A Rusty Tow Truck

I pounded the steering wheel of my old Buick Le Sabre in frustration and started crying. The old beast had stalled out yet again, and I was stuck in the middle lane of I-65 in downtown Indianapolis. I had spent hundreds of dollars trying to get it fixed, replacing one part after another, and now this.

I had come to Indianapolis with a group of Navigators for a six week ministry training program during the summer of 1982. I drove the Buick LeSabre that I shared with my sister to Indianapolis from Michigan. On the way, I had picked up three other college students from Michigan to bring to Butler University in Indianapolis.

My car was essential to getting some of us back and forth to our temporary jobs. I must have dropped everyone else off at their jobs because I was alone in the car.

On the other side of the freeway, the driver of a rusty old red tow truck saw me. He raced around to my side of the freeway. “Do you need a tow?” he asked. He had long hair and ratty old jeans. I asked him how much. “$25.” I said okay. That was all I had on me, but what could I do? I intended to have him take me back to the sorority house we were staying in.

In the tow truck, he asked me what had happened to the car, and I poured out the whole sorry story. He then said, “I know a good mechanic. I’ll take you there.”

He took me and my car to a mechanic who was located in a building with a long series of garages all hooked together. Then he refused to take my money for the tow. This was a high tech garage. I found out later that it was a garage located near the Indianapolis Speedway. The operator had posters with Bible verses hanging from his walls. He hooked my car up to his computer and found the problem – a faulty connection to the distributor cap. He asked me about the history of repairs and how much I paid for them. He asked me if the mechanic kissed me, too, indicating that I had been cheated. He also refused to take my money.

Those two men showed mercy and kindness to me. What if I had refused the help of the first man because of his clothing and long hair and the appearance of his old tow truck? You never know who might show mercy to you. He was God’s provision for me.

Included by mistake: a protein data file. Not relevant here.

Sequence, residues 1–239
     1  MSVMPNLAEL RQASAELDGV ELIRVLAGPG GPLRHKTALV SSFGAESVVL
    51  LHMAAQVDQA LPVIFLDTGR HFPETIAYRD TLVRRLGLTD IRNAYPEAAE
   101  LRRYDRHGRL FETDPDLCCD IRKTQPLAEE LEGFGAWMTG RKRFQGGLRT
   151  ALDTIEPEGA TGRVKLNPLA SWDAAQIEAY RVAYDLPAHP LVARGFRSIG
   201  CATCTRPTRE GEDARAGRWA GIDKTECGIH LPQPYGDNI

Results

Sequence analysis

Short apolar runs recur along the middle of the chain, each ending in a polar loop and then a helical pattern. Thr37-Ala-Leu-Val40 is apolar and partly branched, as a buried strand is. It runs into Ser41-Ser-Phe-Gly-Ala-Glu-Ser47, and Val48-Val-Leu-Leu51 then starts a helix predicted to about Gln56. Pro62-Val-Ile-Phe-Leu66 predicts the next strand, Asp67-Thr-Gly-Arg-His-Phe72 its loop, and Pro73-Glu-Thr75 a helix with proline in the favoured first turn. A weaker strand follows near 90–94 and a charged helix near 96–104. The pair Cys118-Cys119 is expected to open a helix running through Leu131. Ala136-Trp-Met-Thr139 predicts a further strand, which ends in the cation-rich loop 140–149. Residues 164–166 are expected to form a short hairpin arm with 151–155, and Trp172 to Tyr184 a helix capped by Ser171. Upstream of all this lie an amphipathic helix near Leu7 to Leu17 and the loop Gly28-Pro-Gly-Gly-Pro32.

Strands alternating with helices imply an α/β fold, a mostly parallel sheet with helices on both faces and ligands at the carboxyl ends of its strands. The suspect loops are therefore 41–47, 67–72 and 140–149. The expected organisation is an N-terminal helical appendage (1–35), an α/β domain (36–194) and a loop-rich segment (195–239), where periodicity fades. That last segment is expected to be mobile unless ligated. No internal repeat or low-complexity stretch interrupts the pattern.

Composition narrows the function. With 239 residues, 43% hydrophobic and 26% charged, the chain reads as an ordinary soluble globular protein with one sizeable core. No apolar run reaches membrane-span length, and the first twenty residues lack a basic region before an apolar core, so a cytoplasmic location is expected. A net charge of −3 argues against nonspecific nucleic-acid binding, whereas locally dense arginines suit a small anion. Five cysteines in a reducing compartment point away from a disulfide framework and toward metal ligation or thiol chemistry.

Gossip

Gossip is cynicism in its most virulent form. It is easily spread from one person to another; it is contagious and destructive.

A reiteration of the definition of cynicism is relevant.

Cynicism has been defined as “An attitude of scornful or jaded negativity, especially a general distrust of the integrity or professed motives of others.” (http://www.thefreedictionary.com/cynicism). The synonyms for Cynicism are revealing: pessimism, sarcasm, suspicion, disparagement, skepticism, distrust, doubt, scorn. It is poison to the soul. A cancer to the spirit.

May our words be kind.

How We Talk About Others

Judging others comes easily to most of us. I find that I fall all too easily into this offense.

This post I found on Facebook demonstrates that it happens from every worldview. https://www.facebook.com/confidentbichacha – I don’t know who the author is.

  • Girl gets pregnant at 20: People say “She’s too young to have a baby”.
  • Girl considers abortion: “Babykiller”
  • Girl considers adoption: “Can’t believe she’s just going to give her baby away”
  • Girl keeps baby: “How’s she going to afford that baby?”
  • Girl gets welfare: “Our taxes are paying for her laziness”
  • Girl gets job: “How can she stand to be away from her baby all day like that?”
  • Girl stops hanging out with friends: “She totally changed when she had that baby”
  • Girl goes out: “She’s always partying”
  • Girl wants to leave crappy bf: “Nobody knows what it means to work things out anymore”
  • Girl wants to stay with crappy bf: “She’s crazy”
  • Girl is overprotective of her child: “You’re acting like a psycho”
  • Girl lets her child play without her: “Where is this kid’s mom?”
  • Girl spanks her kid: “Call Police!”
  • Girl refuses to spank: “Her kids are gonna be such brats”

Think about the tone of voice usually used in these comments. How about the expressions on those faces. This is cynicism at its ugliest.

Judging is easy. It does not require any effort or involvement. We feel superior. It supports our political agendas. Almost everyone does it from time to time. Name calling and wagging fingers rarely bring about the change that we think should happen.

Jesus said,  “Do not judge, or you too will be judged. For in the same way you judge others, you will be judged, and with the measure you use, it will be measured to you. “Why do you look at the speck of sawdust in your brother’s eye and pay no attention to the plank in your own eye? How can you say to your brother, ‘Let me take the speck out of your eye,’ when all the time there is a plank in your own eye? You hypocrite, first take the plank out of your own eye, and then you will see clearly to remove the speck from your brother’s eye. (Matthew 7:1-5).

Instead how can we show mercy and kindness to our sister? How can we come along side this girl and help her? How can we show love? How can we encourage her?

Pray, Give, Go

“Pray, give, go.” I heard this phrase over 30 years ago from a local leader of the Navigators when I was a student at Michigan State University. The Navigators are an evangelical group, often found on large secular university campuses. They focus on evangelism, discipleship, and Bible study.

  • Pray for workers to share the gospel (God’s great mercy)
  • Give to missionaries.
  • Go to minister the gospel. (God’s mercy to others).

The same could be said about sowing mercy.

  1. Pray for the opportunity to sow mercy. (Lord, open my eyes).
  2. Give to organizations with the mission of sowing mercy (Mel Trotter, Toys for Tots, Salvation Army, etc.)
  3. Go practice mercy to others, both in thought and action.